Hospitals and other healthcare organisations have recently been under heavy attack by cyber criminals, according to information from both Microsoft and US Federal agencies. The attacks put lives at risk during what is already a challenging time due to the current COVID-19 pandemic.
Worryingly, pharmaceutical companies working on vaccines and treatments for COVID-19 have been included in the attacks. Gorilla Technology CEO and Futurist Paul Spain indicates that whilst every organisation is at risk from random cyber-attacks, it is likely that those leading the way with developing vaccines for COVID-19 were directly targeted by state sponsored attackers.
Microsoft indicates these attacks have been carried out by three hacker groups from Russia and North Korea. The Russian group, which Microsoft refers to Strontium (also known as APT28 or Fancy Bear) used a technique called password spray attacks to break into systems.
Strontium is understood to have been behind disinformation and hacking ahead of the 2016 United States presidential election and has been blamed for many other cyber-attacks.
“We think these attacks are unconscionable and should be condemned by all civilized society,” said Tom Burt, Microsoft’s customer security and trust chief. Reports indicate that in some cases
But the risk is not just big target countries such as Canada, France, India, South Korea and the United States - Paul Spain advises that many New Zealand organisations related to healthcare are ill prepared for attacks.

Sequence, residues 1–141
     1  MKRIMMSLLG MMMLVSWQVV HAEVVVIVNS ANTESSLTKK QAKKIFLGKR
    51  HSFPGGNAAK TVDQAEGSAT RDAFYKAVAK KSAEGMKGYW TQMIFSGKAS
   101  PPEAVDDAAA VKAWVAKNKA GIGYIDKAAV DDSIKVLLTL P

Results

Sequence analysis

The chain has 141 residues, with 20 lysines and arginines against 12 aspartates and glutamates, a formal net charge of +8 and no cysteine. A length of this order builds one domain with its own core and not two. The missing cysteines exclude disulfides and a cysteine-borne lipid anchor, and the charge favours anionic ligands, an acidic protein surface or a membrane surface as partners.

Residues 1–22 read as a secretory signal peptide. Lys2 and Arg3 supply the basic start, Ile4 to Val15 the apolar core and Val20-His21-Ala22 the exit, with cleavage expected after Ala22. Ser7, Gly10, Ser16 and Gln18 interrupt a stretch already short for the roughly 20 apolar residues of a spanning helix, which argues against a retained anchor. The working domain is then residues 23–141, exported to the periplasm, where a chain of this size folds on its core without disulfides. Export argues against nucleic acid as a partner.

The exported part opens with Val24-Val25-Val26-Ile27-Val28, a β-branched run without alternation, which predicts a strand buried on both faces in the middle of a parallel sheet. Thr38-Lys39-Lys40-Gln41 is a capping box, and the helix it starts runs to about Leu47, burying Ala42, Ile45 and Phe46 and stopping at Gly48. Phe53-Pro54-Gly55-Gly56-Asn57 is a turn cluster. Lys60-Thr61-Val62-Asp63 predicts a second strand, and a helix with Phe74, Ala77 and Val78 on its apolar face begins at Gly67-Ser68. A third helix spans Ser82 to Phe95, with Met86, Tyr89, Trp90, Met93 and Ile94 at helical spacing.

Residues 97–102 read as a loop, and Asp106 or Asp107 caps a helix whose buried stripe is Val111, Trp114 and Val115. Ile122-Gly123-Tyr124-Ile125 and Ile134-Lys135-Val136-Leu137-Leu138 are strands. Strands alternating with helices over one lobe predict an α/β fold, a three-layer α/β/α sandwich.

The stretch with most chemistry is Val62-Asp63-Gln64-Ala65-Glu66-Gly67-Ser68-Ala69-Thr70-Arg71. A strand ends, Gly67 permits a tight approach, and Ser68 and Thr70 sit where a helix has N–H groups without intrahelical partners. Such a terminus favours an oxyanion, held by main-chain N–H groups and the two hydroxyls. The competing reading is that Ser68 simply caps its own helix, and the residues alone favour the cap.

Newshub reported in October 2019 that Tū Ora Compass Health admitted they had suffered a cyber incident that lead to possibly a million patient’s information had been compromised.
Spain says “Evidence myself and the Gorilla Cyber Security team have seen highlights that we have two major cyber security problems with the health sector in New Zealand. Firstly, organisations, often larger ones, with outdated systems that carry risk due to their age and inability to provide protection against modern cyber security threats. And secondly, a general lack of awareness and attention to cyber security from smaller to medium organisations such as general practitioners.”
“In both cases, a lack of investment in cyber security is a key limiting factor which urgently needs to be addressed both at a government level and with fund allocations internally within each organisation”.
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